Bankruptcy Headlines

Warren, Cummings Grill Banks on Change to Dodd-Frank Swaps Rules

U.S. Senator Elizabeth Warren (D-Mass.) and Representative Elijah Cummings (D-Md.) are asking Wall Street banks how a recent repeal of a Dodd-Frank derivatives provision affects their business, as Democrats try to shine a spotlight on efforts to weaken the financial-regulation law, Bloomberg News reported yesterday. The lawmakers sent letters yesterday to the chief executive officers of Citigroup Inc., JPMorgan Chase & Co., Bank of America Corp. and Goldman Sachs Group Inc. seeking information on how the change impacts their swaps trading, the size of their derivative books and the value of swaps they would have had to push out if Dodd-Frank hadn’t been altered. A goal of the repealed provision “was to ensure that taxpayers were not put at risk when large banks or financial entities engaged in risky swaps trades,” the lawmakers wrote. The change Congress approved in December “gutted” a section of Dodd-Frank, they wrote.

Judge to Approve Atlantic City Tax Deal with Revel Casino

Bankruptcy Judge Gloria Burns yesterday said that she will approve a deal that allows bankrupt Revel Casino Hotel to pay far less in property taxes to Atlantic City this year, Reuters reported yesterday. The cash-strapped city agreed to lower its 2015 valuation of Revel, the city's newest casino property. Revel opened in 2012 to much fanfare but has never turned a profit, went bankrupt twice and closed last year. Under the agreement, Revel's 2015 tax assessment is just $225 million, less than a tenth of the $2.4 billion it cost to build. Over the course of negotiations in bankruptcy court, the 2015 assessed value of the property dropped to $1.15 billion and then $625 million before the latest agreement was reached. At the current tax rate of 3.348 percent, Revel's next quarterly property tax payment will be about $1.9 million, down from the $9.8 million it would have been prior to the settlement. The city's 2015 tax rate has yet to be determined.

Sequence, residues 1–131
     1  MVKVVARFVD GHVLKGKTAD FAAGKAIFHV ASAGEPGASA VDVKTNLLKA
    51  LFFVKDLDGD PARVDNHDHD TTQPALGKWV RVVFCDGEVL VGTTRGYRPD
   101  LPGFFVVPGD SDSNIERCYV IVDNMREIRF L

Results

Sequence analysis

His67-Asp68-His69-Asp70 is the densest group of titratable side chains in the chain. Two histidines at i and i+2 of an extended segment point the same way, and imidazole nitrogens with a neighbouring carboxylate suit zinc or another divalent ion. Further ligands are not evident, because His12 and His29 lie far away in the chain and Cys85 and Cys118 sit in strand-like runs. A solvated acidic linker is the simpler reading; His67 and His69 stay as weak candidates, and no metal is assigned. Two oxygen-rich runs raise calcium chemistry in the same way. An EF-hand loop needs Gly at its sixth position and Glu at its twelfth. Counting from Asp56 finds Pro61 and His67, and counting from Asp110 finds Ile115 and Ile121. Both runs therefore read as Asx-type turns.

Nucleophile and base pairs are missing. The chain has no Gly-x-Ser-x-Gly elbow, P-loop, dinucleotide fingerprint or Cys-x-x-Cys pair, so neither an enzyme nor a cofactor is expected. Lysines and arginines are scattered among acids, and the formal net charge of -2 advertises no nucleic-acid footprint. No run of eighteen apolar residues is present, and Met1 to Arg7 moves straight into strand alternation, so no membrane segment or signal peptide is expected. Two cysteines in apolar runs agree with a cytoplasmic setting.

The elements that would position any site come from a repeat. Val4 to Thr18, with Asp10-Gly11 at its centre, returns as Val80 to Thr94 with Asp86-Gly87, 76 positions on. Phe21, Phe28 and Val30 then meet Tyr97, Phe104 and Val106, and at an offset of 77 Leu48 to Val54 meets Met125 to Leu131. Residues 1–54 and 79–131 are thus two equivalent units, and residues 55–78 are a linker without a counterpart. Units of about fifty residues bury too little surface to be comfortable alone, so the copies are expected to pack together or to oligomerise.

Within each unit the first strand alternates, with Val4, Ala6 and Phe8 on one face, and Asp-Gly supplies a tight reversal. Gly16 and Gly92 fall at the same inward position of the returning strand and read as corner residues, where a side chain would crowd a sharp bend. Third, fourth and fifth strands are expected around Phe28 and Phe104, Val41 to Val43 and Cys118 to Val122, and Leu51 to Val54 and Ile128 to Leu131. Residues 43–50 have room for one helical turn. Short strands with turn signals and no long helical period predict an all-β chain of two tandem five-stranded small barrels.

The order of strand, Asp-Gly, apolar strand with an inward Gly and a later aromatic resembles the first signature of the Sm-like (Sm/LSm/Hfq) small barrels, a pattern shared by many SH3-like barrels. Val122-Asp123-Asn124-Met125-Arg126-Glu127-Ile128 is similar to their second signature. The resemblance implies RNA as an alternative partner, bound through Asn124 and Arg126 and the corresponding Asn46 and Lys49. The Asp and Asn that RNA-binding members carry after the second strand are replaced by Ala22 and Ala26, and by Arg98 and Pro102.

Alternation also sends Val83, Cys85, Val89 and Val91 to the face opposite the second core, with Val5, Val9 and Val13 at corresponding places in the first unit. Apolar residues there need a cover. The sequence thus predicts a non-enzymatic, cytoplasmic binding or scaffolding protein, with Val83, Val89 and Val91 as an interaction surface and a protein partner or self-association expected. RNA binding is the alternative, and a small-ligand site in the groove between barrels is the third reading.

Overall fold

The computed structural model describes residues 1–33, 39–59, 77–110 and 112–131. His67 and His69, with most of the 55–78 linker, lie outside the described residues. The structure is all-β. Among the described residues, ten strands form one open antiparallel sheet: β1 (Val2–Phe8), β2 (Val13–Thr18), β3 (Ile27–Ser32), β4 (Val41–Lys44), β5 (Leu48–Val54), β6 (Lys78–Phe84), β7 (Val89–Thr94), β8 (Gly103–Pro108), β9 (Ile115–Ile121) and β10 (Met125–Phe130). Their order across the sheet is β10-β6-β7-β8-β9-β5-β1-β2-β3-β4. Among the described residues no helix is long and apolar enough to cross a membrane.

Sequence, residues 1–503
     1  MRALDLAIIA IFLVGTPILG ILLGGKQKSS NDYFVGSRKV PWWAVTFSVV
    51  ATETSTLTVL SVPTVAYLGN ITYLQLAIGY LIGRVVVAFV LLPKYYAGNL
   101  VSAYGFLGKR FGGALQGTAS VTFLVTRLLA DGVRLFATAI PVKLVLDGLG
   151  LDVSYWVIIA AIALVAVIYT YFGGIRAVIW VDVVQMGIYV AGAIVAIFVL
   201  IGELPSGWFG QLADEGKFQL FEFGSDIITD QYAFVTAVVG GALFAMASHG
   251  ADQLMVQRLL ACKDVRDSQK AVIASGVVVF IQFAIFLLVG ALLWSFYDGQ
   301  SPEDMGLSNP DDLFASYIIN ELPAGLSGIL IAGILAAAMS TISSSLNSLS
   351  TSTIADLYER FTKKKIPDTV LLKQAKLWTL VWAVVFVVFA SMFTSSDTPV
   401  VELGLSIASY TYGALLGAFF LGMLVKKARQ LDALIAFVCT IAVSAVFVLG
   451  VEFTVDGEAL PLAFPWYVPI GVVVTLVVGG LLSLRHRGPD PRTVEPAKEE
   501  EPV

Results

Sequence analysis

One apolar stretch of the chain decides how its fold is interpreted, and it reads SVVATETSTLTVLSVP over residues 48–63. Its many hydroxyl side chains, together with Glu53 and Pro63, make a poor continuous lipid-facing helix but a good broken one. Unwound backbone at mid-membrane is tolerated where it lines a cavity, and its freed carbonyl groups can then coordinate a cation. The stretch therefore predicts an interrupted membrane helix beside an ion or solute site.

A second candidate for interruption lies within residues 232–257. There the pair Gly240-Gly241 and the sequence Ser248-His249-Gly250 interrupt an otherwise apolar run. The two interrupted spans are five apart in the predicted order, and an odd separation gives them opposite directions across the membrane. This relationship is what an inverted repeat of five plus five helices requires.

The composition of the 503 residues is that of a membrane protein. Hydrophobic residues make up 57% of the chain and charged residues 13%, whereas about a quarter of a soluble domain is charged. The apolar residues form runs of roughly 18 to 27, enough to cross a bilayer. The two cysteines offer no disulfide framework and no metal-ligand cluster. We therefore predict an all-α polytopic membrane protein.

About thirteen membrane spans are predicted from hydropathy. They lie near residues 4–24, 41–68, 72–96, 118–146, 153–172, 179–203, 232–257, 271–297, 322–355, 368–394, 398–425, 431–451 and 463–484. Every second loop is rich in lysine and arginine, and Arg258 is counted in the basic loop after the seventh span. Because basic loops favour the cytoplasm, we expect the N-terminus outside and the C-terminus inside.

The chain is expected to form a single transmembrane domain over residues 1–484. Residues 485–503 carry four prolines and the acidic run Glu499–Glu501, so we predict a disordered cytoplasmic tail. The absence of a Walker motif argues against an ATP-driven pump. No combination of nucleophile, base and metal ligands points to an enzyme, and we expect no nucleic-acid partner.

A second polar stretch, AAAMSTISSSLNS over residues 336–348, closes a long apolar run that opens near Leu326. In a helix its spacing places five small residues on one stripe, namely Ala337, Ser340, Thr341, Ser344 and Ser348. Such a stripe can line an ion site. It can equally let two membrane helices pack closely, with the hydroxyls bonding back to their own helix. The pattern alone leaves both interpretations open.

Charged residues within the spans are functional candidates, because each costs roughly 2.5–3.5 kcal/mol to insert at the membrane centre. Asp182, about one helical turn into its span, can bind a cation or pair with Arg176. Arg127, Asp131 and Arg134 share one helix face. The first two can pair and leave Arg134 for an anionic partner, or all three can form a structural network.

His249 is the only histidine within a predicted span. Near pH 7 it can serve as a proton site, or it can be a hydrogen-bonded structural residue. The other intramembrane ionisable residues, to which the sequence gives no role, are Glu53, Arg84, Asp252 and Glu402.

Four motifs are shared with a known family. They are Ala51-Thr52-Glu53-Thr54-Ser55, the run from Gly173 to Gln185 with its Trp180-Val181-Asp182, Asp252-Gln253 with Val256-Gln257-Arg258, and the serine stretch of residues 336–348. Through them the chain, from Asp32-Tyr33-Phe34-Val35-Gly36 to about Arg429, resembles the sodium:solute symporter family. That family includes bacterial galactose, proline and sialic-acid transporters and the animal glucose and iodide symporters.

Sweeney Slams Christie's Atlantic City Plan, Says Governor Plans Bankruptcy for City

New Jersey State Senate President Stephen Sweeney yesterday slammed Gov. Chris Christie for appointing an emergency manager in Atlantic City as a sign that his administration wants the resort to declare bankruptcy, and pledged a "big fight" against such a move, NJ.com reported yesterday. Christie last week appointed attorney Kevin Lavin as the city's emergency manager and Kevyn Orr, who just presided over Detroit's bankruptcy, as an adviser. Reeling from the closure of four of its 12 casinos, Atlantic City is suffering from high unemployment and a collapsing property tax base. And while the governor did not say he intends bankruptcy for the city, Sweeney said that's what his move portends. "We will go to court, we will do whatever is necessary to stop this," Sweeney said.

“Revolving Door” Between Fed and Banks Spins Faster

Mark Imhof joined the Federal Reserve Bank of New York as a bank examiner in September 2010 as it went on a hiring binge following the worst financial crisis in generations, but, in his new role as a consultant, he helps companies navigate anti-money-laundering regulations, Bloomberg News reported today. Imhof is part of the latest rotation in what Fed critics call a “revolving door” between the regulator and the firms it oversees. It’s a spin that the central bank inadvertently greased by boosting supervisory staff by 46 percent between 2008 and 2013. Back then, regulators needed experienced professionals like Imhof, a certified public accountant, to help clean up the banking system and implement new regulations. By 2013, the extra staff wasn’t necessary and Imhof and some colleagues began to return to the private sector as banks and other financial services firms expanded their compliance departments. The movement is likely to accelerate as private firms become the dominant source of employment growth for financial examiners. Industry headcount at financial firms is expected to rise 11 percent by 2022 from 2012 levels, while federal government employment of examiners will fall 3 percent, according to Bureau of Labor Statistics projections.

MF Global Seeks Deadline to Repay Hard-to-Locate Customers

The trustee unwinding MF Global Inc. wants to establish procedures to pay back more than $10 million to about 1,400 former customers, the only ones yet to be fully repaid, Dow Jones Daily Bankruptcy Review reported today. In a Wednesday filing with U.S. Bankruptcy Court in Manhattan, lawyers for trustee James W. Giddens said that some customers at issue haven't returned the necessary forms. In other cases, checks sent either were returned as undeliverable or expired without being cashed.